Ricky Rubio

Projected stats: 8.6 assists, 2.7 steals, 3.4 turnovers, 12.8 points, .375/.321/.804


The projected stats probably aren’t generous enough with how many assists Rubio is going to have this season.

Even if he improves as a shooter, he is a pass-first kind of player, and his biggest attribute is his ability to create opportunities for his teammates. Plus, his dazzling passes make the Timberwolves a League Pass team and generate interest in what has been a moribund small-market franchise for years.

Not only is Rubio likely to improve in Year 3, but he’s also got better teammates around him. Longtime Wolves Kevin Love and Nikola Pekovic are elite big men at the 4 and 5, and Derrick Williams is an improving versatile scorer.

Then, there were a few weapons that Minnesota added in the offseason. Kevin Martin is an experienced shooting guard who helps fill a void from last season, Corey Brewer improved in transition as a member of the Denver Nuggets and Shabazz Muhammad is an incredibly gifted player who will make an impact on the court if he can resolve his issues off of it.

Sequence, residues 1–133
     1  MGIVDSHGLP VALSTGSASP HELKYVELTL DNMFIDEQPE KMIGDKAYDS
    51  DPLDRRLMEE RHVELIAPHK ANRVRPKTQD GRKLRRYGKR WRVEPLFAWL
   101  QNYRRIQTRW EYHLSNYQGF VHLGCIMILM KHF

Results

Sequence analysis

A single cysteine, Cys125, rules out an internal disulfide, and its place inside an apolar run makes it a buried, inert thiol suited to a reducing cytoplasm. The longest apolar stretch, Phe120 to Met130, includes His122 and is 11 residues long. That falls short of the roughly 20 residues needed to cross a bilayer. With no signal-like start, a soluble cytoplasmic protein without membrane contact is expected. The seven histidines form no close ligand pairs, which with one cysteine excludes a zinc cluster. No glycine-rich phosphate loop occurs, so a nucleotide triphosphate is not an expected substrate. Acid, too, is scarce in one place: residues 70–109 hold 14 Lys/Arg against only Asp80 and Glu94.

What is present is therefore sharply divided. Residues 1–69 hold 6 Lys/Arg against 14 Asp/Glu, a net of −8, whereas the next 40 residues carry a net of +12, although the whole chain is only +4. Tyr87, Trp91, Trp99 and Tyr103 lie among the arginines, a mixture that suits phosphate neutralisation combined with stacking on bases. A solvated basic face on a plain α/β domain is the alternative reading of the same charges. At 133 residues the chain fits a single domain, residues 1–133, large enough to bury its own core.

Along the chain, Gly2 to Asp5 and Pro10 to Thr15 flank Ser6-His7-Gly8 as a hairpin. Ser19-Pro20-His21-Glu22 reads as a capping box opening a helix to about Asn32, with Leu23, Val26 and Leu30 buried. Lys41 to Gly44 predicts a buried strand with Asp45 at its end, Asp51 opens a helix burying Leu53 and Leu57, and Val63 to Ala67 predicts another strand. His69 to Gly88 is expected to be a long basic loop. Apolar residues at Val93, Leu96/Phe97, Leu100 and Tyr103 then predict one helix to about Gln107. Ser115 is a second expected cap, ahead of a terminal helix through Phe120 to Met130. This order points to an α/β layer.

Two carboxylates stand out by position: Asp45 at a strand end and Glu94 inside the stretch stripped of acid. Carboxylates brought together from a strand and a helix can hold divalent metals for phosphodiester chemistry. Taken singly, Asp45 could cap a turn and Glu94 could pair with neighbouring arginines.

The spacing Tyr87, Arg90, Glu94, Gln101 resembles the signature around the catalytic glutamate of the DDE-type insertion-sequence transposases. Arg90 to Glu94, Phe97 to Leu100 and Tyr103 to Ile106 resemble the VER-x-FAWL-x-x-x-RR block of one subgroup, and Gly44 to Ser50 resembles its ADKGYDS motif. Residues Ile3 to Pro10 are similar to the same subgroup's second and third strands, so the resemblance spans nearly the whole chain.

Rubio is the proverbial tide that raises all boats. He’s not going to take the ball and try to create scoring opportunities for himself. He is going to dish it to open teammates and ask that they put up the big numbers every night.

On the other side of the court, his long arms, speed and quickness allow him to hold his own on defense and create opportunities in transition. He has a tendency to gamble, but that is welcomed on a team with a high-powered offense that is probably going to have to outscore their opponents rather than lock them down.

In general, Rubio is the nucleus of the team through which all other players operate. He passes the ball with finesse, is a legitimate two-way player and gives awesome pep talks.

Expect big things from Rubio this season.


J.J. Barea

Projected stats: 6.4 assists, 0.7 steals, 3.1 turnovers, 16.9 points, .417/.351/.787


Barea may get a little flak from Wolves fans this season because he is not Lukas Robin Ridnour.